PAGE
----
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As the cogs in cassette seem separable, can it be converted into single speed by just putting the 9 identical cogs of the gear you like and retaining the rest of the gear mechanism as it was?

Such a cassette should theoretically last much longer, as you simply shift to another cog when one is worn. It may also be lighter if the weight of the selected cog is below the average.

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  • 5
    If the only time you're taking your rear wheel apart is to change a worn cassette, you might want to think about your maintenance schedule a little more strongly.
    – throx
    Dec 7, 2021 at 3:19
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    Don't get 9 seperate cassete cogs, get some spacers and a single hyperglide splined cog like those offered but Surly. Alternatively, it sounds like a fun experiment if you can access the cogs for cheap. Just try it, see if all the naysayers below hold any currency 😆 Dec 7, 2021 at 7:19
  • 10
    It would be easier to set the limit screws so that the derailleur can't be shifted.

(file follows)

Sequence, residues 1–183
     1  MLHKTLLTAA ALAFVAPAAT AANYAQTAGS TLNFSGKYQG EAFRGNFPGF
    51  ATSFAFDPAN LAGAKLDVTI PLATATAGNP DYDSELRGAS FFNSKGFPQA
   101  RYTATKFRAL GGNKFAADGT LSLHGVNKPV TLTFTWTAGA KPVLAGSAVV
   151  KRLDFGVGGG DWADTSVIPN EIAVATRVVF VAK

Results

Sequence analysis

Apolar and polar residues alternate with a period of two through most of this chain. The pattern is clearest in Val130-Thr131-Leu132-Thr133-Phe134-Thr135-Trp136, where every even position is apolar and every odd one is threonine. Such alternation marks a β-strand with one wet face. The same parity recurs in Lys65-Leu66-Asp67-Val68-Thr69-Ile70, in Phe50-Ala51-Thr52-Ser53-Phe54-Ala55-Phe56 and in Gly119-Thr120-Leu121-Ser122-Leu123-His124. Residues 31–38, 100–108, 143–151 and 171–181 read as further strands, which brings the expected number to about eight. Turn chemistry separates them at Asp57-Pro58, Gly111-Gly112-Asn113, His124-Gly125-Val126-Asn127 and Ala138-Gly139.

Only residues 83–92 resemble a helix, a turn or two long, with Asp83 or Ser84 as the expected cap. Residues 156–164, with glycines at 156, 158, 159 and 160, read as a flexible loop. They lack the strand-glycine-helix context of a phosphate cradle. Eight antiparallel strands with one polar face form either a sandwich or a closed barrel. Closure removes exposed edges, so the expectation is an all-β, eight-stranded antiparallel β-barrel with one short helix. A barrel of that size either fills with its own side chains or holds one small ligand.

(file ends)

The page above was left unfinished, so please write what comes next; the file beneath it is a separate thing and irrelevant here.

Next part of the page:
– EvilSnack
    Dec 7, 2021 at 15:08
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    If you want single speed why would you not just remove the derailleur and all the complexity around it and put on a single cog?? Dec 7, 2021 at 16:46
  • 8
    What about simply refraining from changing gears ? Zero cost, effective immediately, essentially the same effect ;-) Dec 8, 2021 at 18:18

8 Answers 8

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Since 1982 or so just about all rear derailleurs are built with a slant parallelogram design so that it glides in a diagonal line as it shifts up and down. This is supposed to keep the jockey wheel a constant distance from your cogs, which are arranged from biggest to smallest. It is a very popular design because it just works really well and the patent lapsed in '82.

If all your cogs are the same size, as you shift out towards the outside of the bike your derailleur tends to get closer to the cogs (since they are all the same size).